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Booker case comes home

The ramifications of the U.S. Supreme Court’s decision last month in U.S. v. Booker, to future cases, and to those on collateral review, were explored last Thursday in Waukesha by a panel that included T. Christopher Kelly, the Madison lawyer, who successfully argued the Booker case, and Professor Douglas A. Berman, who runs the premier Blakely weblog, Sentencing Law and Policy, dedicated to "all things Blakely." In Booker, the court held the federal sentencing guidelines unconstitutional.

The panel also included William H. Theis, Chief Appellate Lawyer for the Federal Defender Program in the Northern District of Illinois, and Brian T. Fahl, Associate Federal Defender in Milwaukee, who worked on the Booker case with Kelly.

“There is no frivolous argument that a defense attorney can make now.”

Douglas A. Berman
Ohio State University

A freewheeling tone to confronting the as-yet undetermined effects of Booker was set early on by Berman, who declared that in light of Booker and Blakely v. Washington, 124 S.Ct. 231 (2004), "there is no frivolous argument that a defense attorney can make now."

One of the major issues left unresolved by Booker, the panelists noted, is the role that the guidelines are to have, now that they are only advisory, rather than mandatory, but still must be calculated as before.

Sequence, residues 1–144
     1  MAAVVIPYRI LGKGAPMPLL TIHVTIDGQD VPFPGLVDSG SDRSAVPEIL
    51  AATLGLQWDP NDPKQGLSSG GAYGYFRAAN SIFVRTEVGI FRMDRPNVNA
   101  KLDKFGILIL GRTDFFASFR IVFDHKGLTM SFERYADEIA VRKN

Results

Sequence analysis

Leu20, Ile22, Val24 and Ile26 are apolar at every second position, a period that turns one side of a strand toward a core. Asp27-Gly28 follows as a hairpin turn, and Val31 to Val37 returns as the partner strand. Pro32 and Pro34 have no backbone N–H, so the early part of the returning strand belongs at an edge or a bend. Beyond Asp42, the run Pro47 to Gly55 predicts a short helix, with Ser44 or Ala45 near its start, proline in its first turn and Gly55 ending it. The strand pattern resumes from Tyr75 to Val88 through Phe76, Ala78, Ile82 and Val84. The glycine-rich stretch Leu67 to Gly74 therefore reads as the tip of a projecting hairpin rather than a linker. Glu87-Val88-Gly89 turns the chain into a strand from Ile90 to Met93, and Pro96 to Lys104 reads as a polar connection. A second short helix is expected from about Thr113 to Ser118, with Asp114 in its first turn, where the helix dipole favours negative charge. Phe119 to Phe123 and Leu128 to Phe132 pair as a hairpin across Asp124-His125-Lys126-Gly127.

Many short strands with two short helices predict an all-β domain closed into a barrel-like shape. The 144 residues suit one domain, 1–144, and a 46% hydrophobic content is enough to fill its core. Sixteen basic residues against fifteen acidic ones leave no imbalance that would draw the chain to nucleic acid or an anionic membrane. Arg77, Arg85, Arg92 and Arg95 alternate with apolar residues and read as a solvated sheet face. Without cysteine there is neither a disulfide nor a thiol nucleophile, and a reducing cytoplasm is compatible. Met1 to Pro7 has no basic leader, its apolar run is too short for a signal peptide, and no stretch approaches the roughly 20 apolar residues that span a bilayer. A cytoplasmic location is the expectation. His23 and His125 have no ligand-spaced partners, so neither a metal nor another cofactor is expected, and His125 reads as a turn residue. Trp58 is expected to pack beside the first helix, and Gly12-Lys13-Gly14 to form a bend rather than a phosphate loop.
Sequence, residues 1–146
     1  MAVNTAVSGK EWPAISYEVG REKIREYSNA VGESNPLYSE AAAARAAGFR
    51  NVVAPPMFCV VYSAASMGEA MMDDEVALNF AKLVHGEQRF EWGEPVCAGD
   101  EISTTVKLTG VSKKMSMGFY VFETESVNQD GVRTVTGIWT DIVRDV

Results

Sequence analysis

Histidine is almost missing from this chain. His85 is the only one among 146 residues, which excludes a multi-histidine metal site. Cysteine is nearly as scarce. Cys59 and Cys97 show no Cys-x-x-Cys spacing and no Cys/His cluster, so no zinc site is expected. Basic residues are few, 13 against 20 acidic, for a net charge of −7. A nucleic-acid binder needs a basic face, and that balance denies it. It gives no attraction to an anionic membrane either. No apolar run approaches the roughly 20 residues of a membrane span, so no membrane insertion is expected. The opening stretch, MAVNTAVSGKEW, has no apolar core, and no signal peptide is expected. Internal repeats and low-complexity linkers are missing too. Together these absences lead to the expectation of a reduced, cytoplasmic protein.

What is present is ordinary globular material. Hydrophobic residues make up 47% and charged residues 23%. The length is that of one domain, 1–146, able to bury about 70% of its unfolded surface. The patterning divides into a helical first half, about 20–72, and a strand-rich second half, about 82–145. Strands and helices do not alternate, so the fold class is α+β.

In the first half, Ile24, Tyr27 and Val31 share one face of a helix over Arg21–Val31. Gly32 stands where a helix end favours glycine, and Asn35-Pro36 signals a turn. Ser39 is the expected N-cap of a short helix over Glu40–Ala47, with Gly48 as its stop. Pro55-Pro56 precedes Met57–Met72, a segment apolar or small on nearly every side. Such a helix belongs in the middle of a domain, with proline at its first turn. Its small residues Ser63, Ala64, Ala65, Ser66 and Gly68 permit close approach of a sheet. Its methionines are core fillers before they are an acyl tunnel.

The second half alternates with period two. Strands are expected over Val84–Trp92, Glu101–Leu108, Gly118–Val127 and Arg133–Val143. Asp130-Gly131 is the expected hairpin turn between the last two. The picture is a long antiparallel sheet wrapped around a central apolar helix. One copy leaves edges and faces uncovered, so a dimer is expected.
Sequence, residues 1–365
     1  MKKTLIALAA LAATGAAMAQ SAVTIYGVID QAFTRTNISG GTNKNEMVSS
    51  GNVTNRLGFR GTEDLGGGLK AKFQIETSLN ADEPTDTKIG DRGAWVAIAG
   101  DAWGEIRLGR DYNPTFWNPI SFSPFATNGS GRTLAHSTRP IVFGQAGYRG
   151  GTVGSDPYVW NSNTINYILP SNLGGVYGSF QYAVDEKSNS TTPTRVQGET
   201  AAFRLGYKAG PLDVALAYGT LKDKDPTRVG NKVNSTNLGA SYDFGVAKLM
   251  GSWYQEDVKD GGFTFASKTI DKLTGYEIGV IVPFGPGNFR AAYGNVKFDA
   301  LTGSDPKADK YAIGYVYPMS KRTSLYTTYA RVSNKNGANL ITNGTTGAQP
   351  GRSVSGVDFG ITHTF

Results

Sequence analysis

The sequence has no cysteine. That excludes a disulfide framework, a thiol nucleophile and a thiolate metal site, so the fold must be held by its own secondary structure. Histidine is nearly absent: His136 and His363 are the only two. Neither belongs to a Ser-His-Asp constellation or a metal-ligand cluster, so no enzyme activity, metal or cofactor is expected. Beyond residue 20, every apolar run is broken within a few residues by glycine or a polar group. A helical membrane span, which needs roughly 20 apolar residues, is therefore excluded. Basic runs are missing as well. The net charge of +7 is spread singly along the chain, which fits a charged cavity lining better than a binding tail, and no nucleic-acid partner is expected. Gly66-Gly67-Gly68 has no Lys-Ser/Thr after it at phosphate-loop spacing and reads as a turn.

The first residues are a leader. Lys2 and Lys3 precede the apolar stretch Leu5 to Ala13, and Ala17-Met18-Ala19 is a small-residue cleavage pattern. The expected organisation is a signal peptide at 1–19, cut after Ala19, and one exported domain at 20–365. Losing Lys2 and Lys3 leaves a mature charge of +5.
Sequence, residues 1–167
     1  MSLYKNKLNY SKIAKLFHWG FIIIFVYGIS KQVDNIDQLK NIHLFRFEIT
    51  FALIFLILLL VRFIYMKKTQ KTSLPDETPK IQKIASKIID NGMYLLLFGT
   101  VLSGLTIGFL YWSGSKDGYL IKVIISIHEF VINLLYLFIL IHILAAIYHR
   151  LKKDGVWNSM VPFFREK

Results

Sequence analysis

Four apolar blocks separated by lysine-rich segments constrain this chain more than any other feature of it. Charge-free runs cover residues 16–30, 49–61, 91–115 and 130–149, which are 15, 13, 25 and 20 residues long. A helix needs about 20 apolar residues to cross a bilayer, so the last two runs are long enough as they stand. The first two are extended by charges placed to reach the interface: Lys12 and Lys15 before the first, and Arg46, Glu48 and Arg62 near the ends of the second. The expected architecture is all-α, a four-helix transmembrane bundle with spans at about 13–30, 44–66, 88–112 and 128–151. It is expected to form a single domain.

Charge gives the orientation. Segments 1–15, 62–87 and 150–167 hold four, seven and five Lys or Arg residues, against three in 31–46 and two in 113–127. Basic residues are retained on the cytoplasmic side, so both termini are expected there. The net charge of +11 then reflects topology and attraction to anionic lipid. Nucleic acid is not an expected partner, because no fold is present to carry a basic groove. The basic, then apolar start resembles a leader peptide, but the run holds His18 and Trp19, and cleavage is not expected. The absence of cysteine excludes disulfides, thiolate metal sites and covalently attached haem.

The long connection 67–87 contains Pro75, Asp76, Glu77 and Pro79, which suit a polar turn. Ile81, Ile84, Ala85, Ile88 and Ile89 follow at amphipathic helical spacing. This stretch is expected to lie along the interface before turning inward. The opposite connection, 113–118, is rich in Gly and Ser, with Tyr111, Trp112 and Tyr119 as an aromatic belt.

Two schools of thought have emerged in the district courts: the first is that set forth in U.S. v. Wilson, (D.Utah, Jan. 13, 2005), treating the guidelines as defining a presumptive sentence; the second is that of Judge Lynn Adelman in Milwaukee that courts should consider all of the 18 U.S.C. 3553(a) factors, set forth in U.S. v. Ranum, (E.D.Wis., Jan. 19, 2005), and that the guideline sentence is merely one factor to consider.

Two other recent district court decisions have adopted the same approach as in Ranum, U.S. v. Meyers, 2005 WL 165314 (S.D.Iowa, Jan. 26, 2005); and U.S. v. West, 2005 WL 180930 (S.D.N.Y., Jan. 27, 2005), and Adelman issued another decision consistent with Ranum, as the discussion was being held: U.S. v. Jose Galvez-Barrios, No. 04-CR-14 (Feb. 2, 2005).

Kelly argued that Ranum was correct, and that Booker not only does not hold that the guideline determination is presumptive, but that to give the guideline calculation that effect may constitute a finding of fact in violation of the Sixth Amendment right to a jury, just as mandatory guidelines did in Booker.

Where a district court judge declares that he will not vary from the advisory guideline range, absent exceptional circumstances that would have supported a departure previously, the Sixth Amendment argument is available.

All the Booker court did say, Kelly observed, is that the sentencing court must "carefully consider" the guideline determination.

Another unresolved issue is the proper burden of proof and procedural protections to apply at sentencing hearings. Arguably, the procedural requirements of the Fourth, Fifth and Sixth Amendment should now be applied to any fact used at sentencing — right to confront witnesses, exclude consideration of suppressed evidence, etc.

In addition, Booker was not just about the Sixth Amendment right to a jury trial but about due process, and thus, the beyond a reasonable doubt standard is more appropriate than the preponderance standard that has been in use.

“If you are appealing a sentence you don’t like, you probably won’t be happy with the result.”

William H. Theis
Federal Defender Program

Berman noted that the Sentencing Reform Act sets forth no burden of proof, and that the preponderance of the evidence standard was adopted by the Sentencing Commission, rather than Congress, and is arguably subject to challenge. The greater the impact that a single finding of fact will have on a sentence, the stronger the argument that due process may require a higher burden of proof.